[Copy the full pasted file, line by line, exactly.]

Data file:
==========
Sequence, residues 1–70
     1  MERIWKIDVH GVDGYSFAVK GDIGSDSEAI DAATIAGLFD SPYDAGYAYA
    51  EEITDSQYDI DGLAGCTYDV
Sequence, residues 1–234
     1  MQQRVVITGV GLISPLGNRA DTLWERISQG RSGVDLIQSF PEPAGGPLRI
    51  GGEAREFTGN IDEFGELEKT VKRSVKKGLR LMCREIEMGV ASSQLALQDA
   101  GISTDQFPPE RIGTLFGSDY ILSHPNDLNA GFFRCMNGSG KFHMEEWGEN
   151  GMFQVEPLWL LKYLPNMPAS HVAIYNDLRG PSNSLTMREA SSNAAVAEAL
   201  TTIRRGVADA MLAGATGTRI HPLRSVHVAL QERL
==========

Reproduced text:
Sequence, residues 1–70
     1  MERIWKIDVH GVDGYSFAVK GDIGSDSEAI DAATIAGLFD SPYDAGYAYA
    51  EEITDSQYDI DGLAGCTYDV
Sequence, residues 1–234
     1  MQQRVVITGV GLISPLGNRA DTLWERISQG RSGVDLIQSF PEPAGGPLRI
    51  GGEAREFTGN IDEFGELEKT VKRSVKKGLR LMCREIEMGV ASSQLALQDA
   101  GISTDQFPPE RIGTLFGSDY ILSHPNDLNA GFFRCMNGSG KFHMEEWGEN
   151  GMFQVEPLWL LKYLPNMPAS HVAIYNDLRG PSNSLTMREA SSNAAVAEAL
   201  TTIRRGVADA MLAGATGTRI HPLRSVHVAL QERL